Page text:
Human C-Reactive Protein Protects Mice From Streptococcus Pneumoniae Infection Without Binding to Pneumococcal C-Polysaccharide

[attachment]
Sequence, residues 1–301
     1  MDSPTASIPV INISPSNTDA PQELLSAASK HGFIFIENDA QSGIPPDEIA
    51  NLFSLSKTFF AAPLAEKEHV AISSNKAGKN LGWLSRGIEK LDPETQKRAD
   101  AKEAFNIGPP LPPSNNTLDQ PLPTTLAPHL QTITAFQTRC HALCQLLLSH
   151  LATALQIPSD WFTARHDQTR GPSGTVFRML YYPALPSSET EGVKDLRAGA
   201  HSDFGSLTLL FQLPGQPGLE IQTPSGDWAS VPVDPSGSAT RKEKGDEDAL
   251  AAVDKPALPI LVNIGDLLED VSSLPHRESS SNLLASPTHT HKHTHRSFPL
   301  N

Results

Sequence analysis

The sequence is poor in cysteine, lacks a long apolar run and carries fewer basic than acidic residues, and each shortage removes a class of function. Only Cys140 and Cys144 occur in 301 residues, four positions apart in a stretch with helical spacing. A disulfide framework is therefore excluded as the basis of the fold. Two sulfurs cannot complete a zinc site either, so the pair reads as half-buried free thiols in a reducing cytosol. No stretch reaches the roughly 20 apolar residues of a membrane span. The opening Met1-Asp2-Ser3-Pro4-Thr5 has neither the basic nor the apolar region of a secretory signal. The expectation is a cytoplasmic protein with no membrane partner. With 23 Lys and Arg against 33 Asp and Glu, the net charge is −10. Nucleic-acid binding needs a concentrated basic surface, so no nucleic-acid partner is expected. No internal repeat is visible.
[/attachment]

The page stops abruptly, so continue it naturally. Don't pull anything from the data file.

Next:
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Human C-reactive protein (CRP) protects mice from lethality after infection with virulent Streptococcus pneumoniae type 3. For CRP-mediated protection, the complement system is required; however, the role of complement activation by CRP in the protection is not defined. Based on the in vitro properties of CRP, it has been assumed that protection of mice begins with the binding of CRP to pneumococcal C-polysaccharide on S. pneumoniae and subsequent activation of the mouse complement system. In this study, we explored the mechanism of CRP-mediated protection by utilizing two CRP mutants, F66A and F66A/E81A. Both mutants, unlike wild-type CRP, do not bind live virulent S. pneumoniae. We found that passively administered mutant CRP protected mice from infection as effectively as the wild-type CRP did. Infected mice injected with wild-type CRP or with mutant CRP lived longer and had lower mortality than mice that did not receive CRP. Extended survival was caused by the persistence of reduced bacteremia in mice treated with any CRP. We conclude that the CRP-mediated decrease in bacteremia and the resulting protection off mice are independent of an interaction between CRP and the pathogen and therefore are independent of the ability of CRP to activate mouse complement. It has been shown previously that the Fcγ receptors also do not contribute to such CRP-mediated protection. Combined data lead to the speculation that CRP acts on the effector cells of the immune system to enhance cell-mediated cytotoxicity and suggest investigation into the possibility of using CRP-loaded APC-based strategy to treat microbial infections.